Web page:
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Stelco, Algoma and Carbon

It is a little hard to write about the commodity investments I am making. Because I am just not sure yet – about the short term.

The long-term trend to me is clear – and it is all about carbon. But whether this is the right time to be buying some of these names – I have less confidence in that.

Right now I own some copper, some tin, some steel and a few shipping stocks. All of these names have had big runs already, and they have all pulled back. But most are way above their historic levels, and so they could pull back a lot more.

So I am more cautious than bullish right now.

But at the same time, these stocks are trading at extremely cheap multiples if you think that the price of the underlying commodity can hold these levels.

I bought Atico Mining a few weeks ago – it is at around 2x cash flow with copper that this level.

Or take the shipping stocks I own. Euroseas 2022 EPS is projected at $6.50 per share – the stock is ~$15. Navios Maritime Partners 2022 EPS is projected at $11.45 next year. The stock is ~$26.

And yes, I know, commodity stocks are to be sold when the multiple is low. And yes, with respect to shipping, management will inevitably destroy any shareholder value they create during the cycle, so even more buyer-beware there. Nevertheless, as I’ve been posting on IV, there are reasons to see the glass half full.

Steel is another sector with crazy low multiples if you believe in anything close to current prices are sustainable (current prices are a little more than 2x their average over the last 3 years).

On their first quarter call Stelco put the following statement on one of their slides:

On the call Stelco management said that if they generated $2 billion of EBITDA, that will convert to $1.4 billion of free cash. Stelco has an EV of about $2.9 billion right now.

I thought wow, you can’t get much cheaper than that can you? Well, it turns out that you can at least come close. Last week Algoma Steel decided to go public via a SPAC deal with Legato Merger Corp.

The combined company will have at EV of $1.7 billion, which includes cash of about $300 million and net debt of $200 million.

Algoma expect $900 million of EBITDA this year with the assumption of $1,250/t steel. Stelco’s was based on the H2 forward curve, which was at $1,500/t. So I think that Algoma is actually a little cheaper than Stelco if you were using apples to apples pricing.

Algoma is also getting a cash injection that they plan to use to build out an EAF furnace. EAF steel makers use scrap instead of iron pellets and coking coal to make steel. They trade at larger multiples – Nucor, the biggest EAF steel producer in North America, gets a crazy 8x PE multiple!

When Algoma finishes their EAF conversion they will be producing 3 million tonnes of steel (versus ~2.4 million tonnes now) and they will be doing it more cheaply. Algoma gave estimates of what their EBITDA multiple post-EAF conversion would look like at various steel prices:

But Algoma told us something else about their EAF conversion that in my opinion is even more important than how profitable they could be was it is done.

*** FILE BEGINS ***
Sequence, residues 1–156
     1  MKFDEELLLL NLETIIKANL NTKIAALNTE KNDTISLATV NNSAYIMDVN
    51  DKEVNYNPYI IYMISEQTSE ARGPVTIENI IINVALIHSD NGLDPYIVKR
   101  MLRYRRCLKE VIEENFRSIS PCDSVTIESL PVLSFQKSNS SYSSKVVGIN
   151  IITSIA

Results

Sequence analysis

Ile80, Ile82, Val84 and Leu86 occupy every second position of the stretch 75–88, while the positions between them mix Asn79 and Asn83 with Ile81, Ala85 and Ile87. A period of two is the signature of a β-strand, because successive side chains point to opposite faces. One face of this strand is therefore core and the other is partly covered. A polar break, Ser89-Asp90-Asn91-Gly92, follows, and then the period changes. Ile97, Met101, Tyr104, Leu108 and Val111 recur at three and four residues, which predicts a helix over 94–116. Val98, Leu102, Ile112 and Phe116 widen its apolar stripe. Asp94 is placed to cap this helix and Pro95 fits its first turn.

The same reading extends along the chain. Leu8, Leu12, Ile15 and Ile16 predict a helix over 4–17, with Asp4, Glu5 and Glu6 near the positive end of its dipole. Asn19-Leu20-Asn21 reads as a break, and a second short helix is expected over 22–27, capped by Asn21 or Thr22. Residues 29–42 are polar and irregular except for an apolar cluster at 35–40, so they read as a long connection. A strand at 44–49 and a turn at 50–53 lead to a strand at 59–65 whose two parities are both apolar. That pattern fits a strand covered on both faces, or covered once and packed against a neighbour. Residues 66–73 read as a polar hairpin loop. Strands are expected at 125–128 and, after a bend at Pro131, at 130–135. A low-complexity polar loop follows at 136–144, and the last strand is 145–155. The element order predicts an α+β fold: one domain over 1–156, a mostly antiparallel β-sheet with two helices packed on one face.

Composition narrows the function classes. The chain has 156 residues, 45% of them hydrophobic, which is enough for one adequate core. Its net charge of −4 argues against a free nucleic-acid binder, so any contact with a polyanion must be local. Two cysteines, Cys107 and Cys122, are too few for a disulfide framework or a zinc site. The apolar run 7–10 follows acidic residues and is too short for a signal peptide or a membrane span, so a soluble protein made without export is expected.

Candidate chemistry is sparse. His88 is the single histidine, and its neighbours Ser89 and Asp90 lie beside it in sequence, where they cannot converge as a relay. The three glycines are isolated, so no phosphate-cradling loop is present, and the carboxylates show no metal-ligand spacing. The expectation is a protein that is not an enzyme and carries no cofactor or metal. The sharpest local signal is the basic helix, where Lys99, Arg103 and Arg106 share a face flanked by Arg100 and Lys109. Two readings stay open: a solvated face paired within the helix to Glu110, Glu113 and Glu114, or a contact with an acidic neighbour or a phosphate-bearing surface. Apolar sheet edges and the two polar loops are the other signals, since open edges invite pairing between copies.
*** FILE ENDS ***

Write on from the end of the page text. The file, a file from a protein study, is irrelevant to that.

They told us how much carbon will be reduced.

I am not sure of very much yet with this commodity cycle but the one thing I am convinced of is that it is going to be driven by carbon. The changes we are going to make over the next 10 years are going to be massive. And they are going to have an equally massive impacts on commodities, both good and bad.

Look at what Algoma is saying. They plan to reduce their carbon emissions by 70%, by 3 million tonnes, by converting to an EAF.

But you might say – so what? Well, in 2030 we are likely in a world of $150 per tonne carbon. $100 per tonne is guaranteed. Those 3 million tonnes are worth $300 million to $450 million a year.

So what happens to those Chinese steel producers, those that are far higher carbon emitters than Algoma? I am convinced that the EU is going to put up carbon tariffs at some point. The US and the rest of the west will eventually follow. They won’t have a market.

The Chinese are not making overtures about shutting down steel mills by the end of this year because they are altruistic. They see the writing on the wall. Those mills are going down one way or another. They go from low-cost producer to uncompetitive in a world where carbon is priced accordingly.

So I’m not sure what the price of steel is going to be next year. Probably lower than it is now. Same with copper, same with container ship pricing. But I am getting more sure that in the long run some of these commodities are going maintain the levels that we are seeing and maybe even go higher. In fact its possible that the market, which has run up these commodities to heights that I don’t think anyone expected, is telling us just that. Because pricing carbon changes everything.

Why I think the CAD may not go down

I am losing money. And I couldn’t be more excited about it.

I say that tongue in cheek. But both statements are, in fact, true.

First, I am losing money. I have had a rough couple of months.

The culprit? That damn Canadian dollar.

The Canadian dollar has risen ~5% in the last month and a half. Depending on the account, I had between 1/3 to 2/3 of my cash in USDs. So I have taken a 3%+ hit on currency. In the tracking portfolio I use for the blog, I am over 80% USD. That puts me down over 4% on CAD!